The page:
Tracing the Lower East Side Roots of Beckenstein’s [HISTORY]

Posted on: May 27th, 2015 at 9:10 am by

[Photo: Picsamerica]

[Photo: Picsamerica]

Manhattan’s Lower East Side has been called many things, but never a fashion center. Yet it is fashion in the form of inexpensive fabrics that lures shoppers to this neighborhood better known for blintzes than ball gowns. -New York Times; June 5, 1961.

Between the ghost advertising and left-for-dead store signage, its remnants continue to define the charming tone of the block. Even though Beckenstein’s is long gone, its presence is still felt, likely contributing to soaring real estate prices on the block.

Twelve years. It’s been twelve years since the legendary S. Beckenstein fabric company relocated from Orchard Street to the garment district on 39th Street. Leather and hat vendors then took up residence beneath the awesome brick advertisement that pretty much defines the old-world nature of the block.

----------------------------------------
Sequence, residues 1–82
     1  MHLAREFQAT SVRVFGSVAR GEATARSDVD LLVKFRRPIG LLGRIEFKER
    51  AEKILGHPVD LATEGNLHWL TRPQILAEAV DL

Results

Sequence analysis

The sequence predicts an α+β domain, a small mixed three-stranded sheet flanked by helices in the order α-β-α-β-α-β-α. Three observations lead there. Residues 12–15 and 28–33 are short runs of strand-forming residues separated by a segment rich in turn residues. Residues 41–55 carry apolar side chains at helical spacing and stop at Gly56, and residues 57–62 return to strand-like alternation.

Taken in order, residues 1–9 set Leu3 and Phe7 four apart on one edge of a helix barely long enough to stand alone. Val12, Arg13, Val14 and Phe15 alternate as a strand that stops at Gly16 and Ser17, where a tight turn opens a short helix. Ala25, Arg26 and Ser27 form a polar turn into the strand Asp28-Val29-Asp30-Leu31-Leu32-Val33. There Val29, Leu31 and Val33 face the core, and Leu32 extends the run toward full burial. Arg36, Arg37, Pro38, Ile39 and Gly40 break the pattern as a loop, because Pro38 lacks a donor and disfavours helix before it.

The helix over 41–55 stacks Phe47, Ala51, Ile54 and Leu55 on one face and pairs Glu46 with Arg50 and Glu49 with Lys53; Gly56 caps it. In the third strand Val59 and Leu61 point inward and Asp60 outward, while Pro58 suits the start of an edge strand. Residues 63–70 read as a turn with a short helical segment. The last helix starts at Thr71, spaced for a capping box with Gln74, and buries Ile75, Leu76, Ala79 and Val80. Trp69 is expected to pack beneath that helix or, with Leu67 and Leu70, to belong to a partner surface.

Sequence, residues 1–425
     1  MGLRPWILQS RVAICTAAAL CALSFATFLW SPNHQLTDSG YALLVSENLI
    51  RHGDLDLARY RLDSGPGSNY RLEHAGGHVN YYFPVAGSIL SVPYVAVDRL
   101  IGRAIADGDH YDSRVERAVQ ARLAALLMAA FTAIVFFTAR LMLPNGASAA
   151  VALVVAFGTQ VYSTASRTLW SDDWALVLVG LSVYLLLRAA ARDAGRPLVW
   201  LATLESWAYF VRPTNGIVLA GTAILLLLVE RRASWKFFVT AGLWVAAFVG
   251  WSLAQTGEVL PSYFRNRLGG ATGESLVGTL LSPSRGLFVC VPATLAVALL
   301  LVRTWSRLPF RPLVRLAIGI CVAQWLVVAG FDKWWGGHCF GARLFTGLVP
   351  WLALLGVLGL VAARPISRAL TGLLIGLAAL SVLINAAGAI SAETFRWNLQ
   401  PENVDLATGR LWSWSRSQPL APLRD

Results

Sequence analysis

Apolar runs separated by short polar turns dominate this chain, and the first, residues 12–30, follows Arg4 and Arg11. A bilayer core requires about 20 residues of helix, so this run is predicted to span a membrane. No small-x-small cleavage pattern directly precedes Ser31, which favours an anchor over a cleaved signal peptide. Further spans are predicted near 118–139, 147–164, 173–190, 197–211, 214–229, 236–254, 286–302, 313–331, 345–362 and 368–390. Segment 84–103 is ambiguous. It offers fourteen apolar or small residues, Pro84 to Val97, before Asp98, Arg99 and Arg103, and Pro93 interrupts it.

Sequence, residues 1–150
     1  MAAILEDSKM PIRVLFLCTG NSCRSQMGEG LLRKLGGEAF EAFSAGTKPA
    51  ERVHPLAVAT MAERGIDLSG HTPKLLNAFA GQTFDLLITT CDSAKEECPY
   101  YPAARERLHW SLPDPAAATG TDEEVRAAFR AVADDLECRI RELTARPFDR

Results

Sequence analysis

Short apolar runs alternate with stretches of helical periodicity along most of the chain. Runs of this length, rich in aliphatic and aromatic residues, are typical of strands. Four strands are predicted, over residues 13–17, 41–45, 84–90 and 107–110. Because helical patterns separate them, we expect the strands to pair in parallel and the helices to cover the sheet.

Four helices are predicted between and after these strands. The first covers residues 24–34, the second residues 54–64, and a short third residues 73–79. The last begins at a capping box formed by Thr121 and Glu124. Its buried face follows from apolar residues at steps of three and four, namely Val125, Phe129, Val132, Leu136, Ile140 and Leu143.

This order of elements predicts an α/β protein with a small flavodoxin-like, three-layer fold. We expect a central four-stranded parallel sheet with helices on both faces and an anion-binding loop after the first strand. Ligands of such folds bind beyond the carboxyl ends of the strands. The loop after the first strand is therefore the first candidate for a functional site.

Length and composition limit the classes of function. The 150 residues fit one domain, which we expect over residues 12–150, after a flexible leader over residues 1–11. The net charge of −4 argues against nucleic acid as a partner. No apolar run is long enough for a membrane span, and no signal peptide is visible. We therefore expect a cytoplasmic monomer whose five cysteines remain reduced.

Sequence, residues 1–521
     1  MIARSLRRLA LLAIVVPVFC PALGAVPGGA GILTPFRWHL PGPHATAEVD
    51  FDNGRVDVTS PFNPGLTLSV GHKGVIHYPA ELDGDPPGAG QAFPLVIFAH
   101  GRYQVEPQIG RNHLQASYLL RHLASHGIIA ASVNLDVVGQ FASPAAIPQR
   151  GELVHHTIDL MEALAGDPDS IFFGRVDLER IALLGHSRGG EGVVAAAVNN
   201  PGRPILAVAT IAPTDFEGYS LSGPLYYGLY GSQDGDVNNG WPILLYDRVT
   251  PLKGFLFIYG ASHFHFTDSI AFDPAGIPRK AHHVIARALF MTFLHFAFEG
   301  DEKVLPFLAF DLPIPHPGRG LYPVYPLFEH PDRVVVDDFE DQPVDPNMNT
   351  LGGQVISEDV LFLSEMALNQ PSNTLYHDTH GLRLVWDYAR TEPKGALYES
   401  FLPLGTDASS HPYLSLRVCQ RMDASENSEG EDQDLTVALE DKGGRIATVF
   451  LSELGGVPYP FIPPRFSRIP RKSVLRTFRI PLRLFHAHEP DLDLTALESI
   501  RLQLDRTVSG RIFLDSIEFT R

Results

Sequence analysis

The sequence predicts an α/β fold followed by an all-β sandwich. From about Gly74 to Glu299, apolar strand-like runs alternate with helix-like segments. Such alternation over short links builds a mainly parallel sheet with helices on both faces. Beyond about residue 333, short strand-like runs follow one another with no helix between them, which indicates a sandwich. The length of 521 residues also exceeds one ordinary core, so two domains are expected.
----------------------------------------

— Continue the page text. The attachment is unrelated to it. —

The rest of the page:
Like so many other Lower East Side success stories, this company was one born of immigrant toil. Polish patriarch Samuel Beckenstein started the business in 1919 with naught but a pushcart and eventually jumped into a retail store. Business flourished during the Depression years when the company provided custom trousers when they became too threadbare to wear. According to the official website, this service ultimately became the inspiration behind the 1932 song “Sam, You Made the Pants Too Long,” later popularized by Barbra Streisand. The store would later occupy two addresses on Orchard, one for menswear yardage, the other for remnants.

These days, Beckenstein operates under a slightly modified namesake that includes “Fabric Czar.” However, the business remains a family endeavor, currently under the auspices of fourth generation ownership – grandsons Neal Boyarsky, President and CEO of the firm, and his son Jonathan.

Running a recent errand for shmata found us inside the midtown digs. The space is well broken-in, featuring plenty of random old-world ephemera, including newspaper clippings, old-school cash register, boxing gloves, and vintage NBA jerseys. It’s worth heading up there for a look…

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